“But Weather Dan,” you say, “how can it be so warm this weekend when it was so ugly on Friday?” The answer is our old friend, cold air damming. It is better known as the wedge.

When an area of high pressure gets established over eastern New England, clockwise circulation around the center of the high pulls cool, humid air from the northern Atlantic Ocean and funnels it toward the east coast of the US. In a perfect world, this cold air would spread uniformly westward across the eastern states.

If you remember back to your childhood science classes, you probably recall a principle that declared that cold air sinks and warm air rises. This works not only with phenomena like hot air balloons, but with much larger air masses. I’m oversimplifying this some, but in essence, it’s based on the fact that cold air is denser than warm air. As this cold air gets pulled in off the Atlantic, it tends to sink toward the surface. As all this cold air runs into the Appalachians, it piles up against the mountains and can’t go any further. The wind keeps the cold air “wedged” between the high and the mountains, and what we get is a region of cold temperatures and high relative humidity, leading to lots of low clouds, light/moderate rain and fog.

— ∮∮∮ —

Bidding a quick farewell

The area of low pressure pulling all the warm air into the Mid-Atlantic will also be responsible for both displacing the wedge that’s set up and the warm air that replaces it over the weekend. Current model projections show a large source of cold air flowing into the central and eastern United States by the second half of the week. The dropoff in temperatures over the Wednesday through Friday period won’t be as sharp as portrayed by the GFS model (the blue lines on the temperature graph), but a reminder that we are still in the heaThe area of low pressure I highlighted on the map above will be responsible for both displacing the wedge that’s set up and the warm air that replaces it over the weekend. Current model projections show a large source of cold air flowing into the central and eastern United States by the second half of the week. The dropoff in temperatures over the Wednesday through Friday period won’t be as sharp as portrayed by the GFS model (the blue lines on the temperature graph), but a reminder that we are still in the heart of meteorological winter will be back by late next week.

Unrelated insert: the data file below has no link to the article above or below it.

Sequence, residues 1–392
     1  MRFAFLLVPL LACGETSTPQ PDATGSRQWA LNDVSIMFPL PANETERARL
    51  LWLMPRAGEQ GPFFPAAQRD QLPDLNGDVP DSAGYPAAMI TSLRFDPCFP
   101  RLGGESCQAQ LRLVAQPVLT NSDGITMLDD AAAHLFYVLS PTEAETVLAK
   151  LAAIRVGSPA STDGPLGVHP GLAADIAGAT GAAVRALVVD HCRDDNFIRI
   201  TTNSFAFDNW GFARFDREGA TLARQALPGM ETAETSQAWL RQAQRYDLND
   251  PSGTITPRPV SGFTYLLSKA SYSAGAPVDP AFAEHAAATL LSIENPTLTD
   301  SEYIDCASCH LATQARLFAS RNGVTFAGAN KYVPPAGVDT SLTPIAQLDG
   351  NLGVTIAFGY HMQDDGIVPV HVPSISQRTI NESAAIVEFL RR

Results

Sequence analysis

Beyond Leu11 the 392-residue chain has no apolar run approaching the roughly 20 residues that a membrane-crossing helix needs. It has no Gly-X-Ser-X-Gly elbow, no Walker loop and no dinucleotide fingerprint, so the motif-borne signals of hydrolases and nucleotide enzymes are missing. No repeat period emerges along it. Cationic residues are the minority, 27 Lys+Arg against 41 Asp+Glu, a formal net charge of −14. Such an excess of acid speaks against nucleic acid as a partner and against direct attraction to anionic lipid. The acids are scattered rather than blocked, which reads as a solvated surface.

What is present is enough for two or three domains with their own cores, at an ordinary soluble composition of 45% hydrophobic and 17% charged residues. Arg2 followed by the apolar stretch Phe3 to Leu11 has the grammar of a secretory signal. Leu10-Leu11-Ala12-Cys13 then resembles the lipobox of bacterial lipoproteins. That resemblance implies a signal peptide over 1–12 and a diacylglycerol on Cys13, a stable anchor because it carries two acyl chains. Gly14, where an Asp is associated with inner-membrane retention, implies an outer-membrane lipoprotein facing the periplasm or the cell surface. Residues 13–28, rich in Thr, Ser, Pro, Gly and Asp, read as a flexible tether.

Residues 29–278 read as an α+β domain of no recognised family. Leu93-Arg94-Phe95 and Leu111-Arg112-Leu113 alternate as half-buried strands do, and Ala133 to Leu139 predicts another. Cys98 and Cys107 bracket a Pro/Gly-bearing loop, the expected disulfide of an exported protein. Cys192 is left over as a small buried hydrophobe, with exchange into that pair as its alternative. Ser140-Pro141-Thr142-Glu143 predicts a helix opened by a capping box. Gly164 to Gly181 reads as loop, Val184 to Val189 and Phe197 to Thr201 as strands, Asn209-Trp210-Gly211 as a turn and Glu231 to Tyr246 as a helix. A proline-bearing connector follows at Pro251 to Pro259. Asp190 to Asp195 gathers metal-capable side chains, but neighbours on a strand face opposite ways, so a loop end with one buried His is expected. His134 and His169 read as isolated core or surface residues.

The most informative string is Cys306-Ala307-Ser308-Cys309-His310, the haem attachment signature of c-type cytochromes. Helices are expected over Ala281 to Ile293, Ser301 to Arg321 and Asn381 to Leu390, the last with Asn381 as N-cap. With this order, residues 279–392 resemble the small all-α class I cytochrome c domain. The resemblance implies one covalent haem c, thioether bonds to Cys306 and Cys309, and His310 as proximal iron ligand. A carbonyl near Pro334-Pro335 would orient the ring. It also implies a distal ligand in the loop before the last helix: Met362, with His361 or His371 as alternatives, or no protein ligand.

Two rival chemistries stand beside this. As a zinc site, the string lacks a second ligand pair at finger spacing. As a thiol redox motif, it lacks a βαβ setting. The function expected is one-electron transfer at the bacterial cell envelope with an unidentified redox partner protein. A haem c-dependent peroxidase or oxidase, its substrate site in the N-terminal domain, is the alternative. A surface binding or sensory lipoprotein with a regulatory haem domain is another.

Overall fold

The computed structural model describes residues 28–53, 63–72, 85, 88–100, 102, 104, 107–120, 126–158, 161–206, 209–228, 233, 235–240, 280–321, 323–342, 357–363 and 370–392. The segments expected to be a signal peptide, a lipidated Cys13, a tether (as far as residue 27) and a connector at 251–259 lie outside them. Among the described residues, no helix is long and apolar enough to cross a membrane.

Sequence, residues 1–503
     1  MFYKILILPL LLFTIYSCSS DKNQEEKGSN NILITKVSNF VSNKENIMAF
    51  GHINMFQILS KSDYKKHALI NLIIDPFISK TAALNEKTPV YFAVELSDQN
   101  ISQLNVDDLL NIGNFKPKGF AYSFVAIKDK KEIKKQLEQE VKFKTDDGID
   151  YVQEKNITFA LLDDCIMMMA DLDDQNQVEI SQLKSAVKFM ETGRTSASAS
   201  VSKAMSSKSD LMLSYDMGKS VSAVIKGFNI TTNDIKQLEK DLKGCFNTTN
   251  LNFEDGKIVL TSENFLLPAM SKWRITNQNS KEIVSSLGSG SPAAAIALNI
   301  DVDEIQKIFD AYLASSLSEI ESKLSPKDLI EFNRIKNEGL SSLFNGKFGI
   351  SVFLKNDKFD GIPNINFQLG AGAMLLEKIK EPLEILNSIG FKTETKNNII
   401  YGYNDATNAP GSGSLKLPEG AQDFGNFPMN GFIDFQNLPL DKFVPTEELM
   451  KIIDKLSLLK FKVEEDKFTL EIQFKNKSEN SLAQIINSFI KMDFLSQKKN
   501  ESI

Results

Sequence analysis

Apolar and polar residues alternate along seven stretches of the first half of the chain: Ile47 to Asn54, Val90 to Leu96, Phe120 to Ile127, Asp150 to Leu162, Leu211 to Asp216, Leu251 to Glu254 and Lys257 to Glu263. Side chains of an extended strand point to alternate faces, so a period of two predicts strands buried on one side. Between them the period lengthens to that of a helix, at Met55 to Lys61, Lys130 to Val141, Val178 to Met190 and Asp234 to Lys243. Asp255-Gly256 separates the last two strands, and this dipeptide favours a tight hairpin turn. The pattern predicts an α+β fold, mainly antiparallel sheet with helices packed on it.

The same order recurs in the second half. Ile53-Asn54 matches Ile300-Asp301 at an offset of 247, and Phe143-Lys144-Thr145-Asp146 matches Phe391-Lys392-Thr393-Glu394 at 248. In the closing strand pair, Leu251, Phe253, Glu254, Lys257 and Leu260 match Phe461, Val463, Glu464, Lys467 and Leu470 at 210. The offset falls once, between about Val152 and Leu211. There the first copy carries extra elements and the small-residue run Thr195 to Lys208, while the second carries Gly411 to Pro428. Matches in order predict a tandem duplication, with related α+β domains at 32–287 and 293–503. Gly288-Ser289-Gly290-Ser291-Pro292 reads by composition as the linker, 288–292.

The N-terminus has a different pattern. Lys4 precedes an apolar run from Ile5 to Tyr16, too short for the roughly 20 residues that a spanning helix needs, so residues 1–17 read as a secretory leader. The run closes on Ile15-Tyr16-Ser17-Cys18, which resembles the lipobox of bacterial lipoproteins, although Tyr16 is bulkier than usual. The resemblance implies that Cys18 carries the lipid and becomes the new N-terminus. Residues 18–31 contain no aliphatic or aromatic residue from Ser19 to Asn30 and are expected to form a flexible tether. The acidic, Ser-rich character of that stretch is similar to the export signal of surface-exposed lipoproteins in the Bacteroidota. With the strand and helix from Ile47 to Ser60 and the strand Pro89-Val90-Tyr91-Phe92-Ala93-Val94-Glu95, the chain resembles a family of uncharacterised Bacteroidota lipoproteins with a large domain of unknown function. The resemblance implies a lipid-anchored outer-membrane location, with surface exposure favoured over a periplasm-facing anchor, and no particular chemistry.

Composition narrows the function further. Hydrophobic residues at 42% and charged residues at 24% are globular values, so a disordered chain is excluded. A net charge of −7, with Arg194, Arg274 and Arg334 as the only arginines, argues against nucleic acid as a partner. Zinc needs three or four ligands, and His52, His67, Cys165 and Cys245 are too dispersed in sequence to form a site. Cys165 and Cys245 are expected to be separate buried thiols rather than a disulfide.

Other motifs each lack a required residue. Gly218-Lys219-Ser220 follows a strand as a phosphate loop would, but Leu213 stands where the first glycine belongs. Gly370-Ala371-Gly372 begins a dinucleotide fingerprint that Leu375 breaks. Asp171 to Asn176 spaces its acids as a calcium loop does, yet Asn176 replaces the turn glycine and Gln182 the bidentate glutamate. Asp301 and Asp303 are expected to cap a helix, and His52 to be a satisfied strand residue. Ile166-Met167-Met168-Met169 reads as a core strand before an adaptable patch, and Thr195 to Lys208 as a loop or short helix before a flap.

Passage of a cold front will mark the transition between the warm weekend and much colder part of later next week. A shift in the winds to the south over the weekend will bring still more moisture by the time the front arrives. The interactions we’ll see between the front and this warm, moist airmass means that heavy rain and possibly a few thunderstorms will be likely over the course of Monday and Tuesday. We may see anywhere from 1-2” of rain as the cold front passes over the two days. While it would make things a bit muddy for a few days, a substantial rainfall would be more than welcome for anyone worried about the ongoing drought across the Mid-Atlantic and Southeast.

If severe weather becomes a concern either Monday or Tuesday, check back here for an update.

  • error

    Report an error

Weather Dan

Dan Goff is now a two-time former Richmonder, having departed the River City yet again in favor of southwest Virginia, where he is working on degrees in geography and meteorology at Virginia Tech. Have a question about the weather or weather-related phenomena?

Comments are closed.

Sorry, but this article has been closed to comments.